Marley's widow to exhume his body for reburial in Ethiopia

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The Independent Culture

When Bob Marley died 24 years ago, the acknowledged face of reggae was buried with characteristic style, his Gibson guitar and his bible laid beside him. As the world mourned his loss, few questions were asked when his burial took place in his native Jamaica.

When Bob Marley died 24 years ago, the acknowledged face of reggae was buried with characteristic style, his Gibson guitar and his bible laid beside him. As the world mourned his loss, few questions were asked when his burial took place in his native Jamaica.

Now, on the eve of the 60th anniversary of his birth, a bitter row appears to be brewing over whether that will remain Marley's final resting place.

Rita Marley, the singer's widow, announced yesterday that she was planning to exhume his remains and rebury them in his "spiritual resting place" - Ethiopia. She announced plans to rebury her husband in Shashamene, 150 miles south of Addis Ababa, where several hundred Rastafarians have lived since they were granted land there by the last emperor of Ethiopia, Haile Selassie.

Mrs Marley defended her decision yesterday to relocate the remains of her husband, claiming that, as a Rastafarian, it would have been his desire to lay at rest in Ethiopia.

"We are working on bringing his remains to Ethiopia," said Mrs Marley, a former backing singer for his band, The Wailers, who married him in 1966. "It is part of Bob's own mission."

The reburial will take place after month-long celebrations scheduled for February to commemorate the 60th anniversary of Marley's birth. The decision to rebury Marley, who died of cancer in 1981, was welcomed by Ethiopian religious leaders and the government, according to Mrs Marley.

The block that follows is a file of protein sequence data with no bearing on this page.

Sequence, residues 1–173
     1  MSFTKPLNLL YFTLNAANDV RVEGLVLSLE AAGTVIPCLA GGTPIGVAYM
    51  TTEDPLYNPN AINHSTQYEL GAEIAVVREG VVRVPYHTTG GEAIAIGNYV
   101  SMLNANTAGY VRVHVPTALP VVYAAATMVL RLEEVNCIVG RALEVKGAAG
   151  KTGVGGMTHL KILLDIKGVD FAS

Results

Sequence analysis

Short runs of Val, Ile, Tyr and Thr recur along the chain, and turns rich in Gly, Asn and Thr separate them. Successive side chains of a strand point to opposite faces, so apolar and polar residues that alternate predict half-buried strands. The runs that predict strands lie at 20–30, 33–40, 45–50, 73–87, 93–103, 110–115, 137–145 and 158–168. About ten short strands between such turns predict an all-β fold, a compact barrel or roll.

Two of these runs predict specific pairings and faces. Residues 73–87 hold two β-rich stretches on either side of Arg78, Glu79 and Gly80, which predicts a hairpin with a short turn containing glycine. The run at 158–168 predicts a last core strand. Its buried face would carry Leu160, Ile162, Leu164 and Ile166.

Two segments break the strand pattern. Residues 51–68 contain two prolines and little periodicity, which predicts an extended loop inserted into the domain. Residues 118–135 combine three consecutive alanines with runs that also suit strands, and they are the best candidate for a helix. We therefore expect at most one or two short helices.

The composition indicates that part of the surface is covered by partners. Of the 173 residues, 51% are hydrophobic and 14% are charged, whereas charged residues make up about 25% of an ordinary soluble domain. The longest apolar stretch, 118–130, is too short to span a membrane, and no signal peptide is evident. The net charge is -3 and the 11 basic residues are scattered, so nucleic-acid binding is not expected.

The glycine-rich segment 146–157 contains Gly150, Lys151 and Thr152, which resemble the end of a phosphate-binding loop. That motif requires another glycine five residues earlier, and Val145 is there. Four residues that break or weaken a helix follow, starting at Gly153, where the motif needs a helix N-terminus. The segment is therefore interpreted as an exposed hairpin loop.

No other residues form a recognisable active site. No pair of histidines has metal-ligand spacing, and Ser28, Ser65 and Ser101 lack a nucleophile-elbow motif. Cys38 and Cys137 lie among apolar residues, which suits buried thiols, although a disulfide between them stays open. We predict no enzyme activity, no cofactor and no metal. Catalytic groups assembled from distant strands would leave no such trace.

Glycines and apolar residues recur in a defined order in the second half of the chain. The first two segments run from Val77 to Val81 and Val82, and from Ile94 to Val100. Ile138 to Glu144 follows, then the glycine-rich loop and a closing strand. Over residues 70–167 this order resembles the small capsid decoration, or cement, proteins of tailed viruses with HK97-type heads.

"Bob's whole life is about Africa, it is not about Jamaica," she said. "How can you give up a continent for an island? He has a right for his remains to be where he would love them to be. This was his mission. Ethiopia is his spiritual resting place. With the 60th anniversary this year, the time is right."

But, perhaps inevitably, the reaction to the announcement has been less enthusiastic in Jamaica, where Marley played a significant part in the island's artistic and political life. He had been given a United Nations Peace Award in recognition of his attempts to bring together the warring factions of Jamaican politics. Last month, members of Marley's estate began lobbying the government in Kingston to proclaim the singer to be a national hero, the Caribbean country's highest accolade.

Yesterday, Roger Steffens, a prominent historian of Marley and a reggae archivist, was among those angered by the plans to exhume his remains. Declaring the news to be "an appalling development for Jamaica", Mr Steffens said: "Bob never expressed any interest to be buried in Ethiopia. They don't believe that Selassie is God in Ethiopia, and that was the prime motivation behind Marley's music.

"The country that created the faith of Rastafari is Jamaica, and not Ethiopia."

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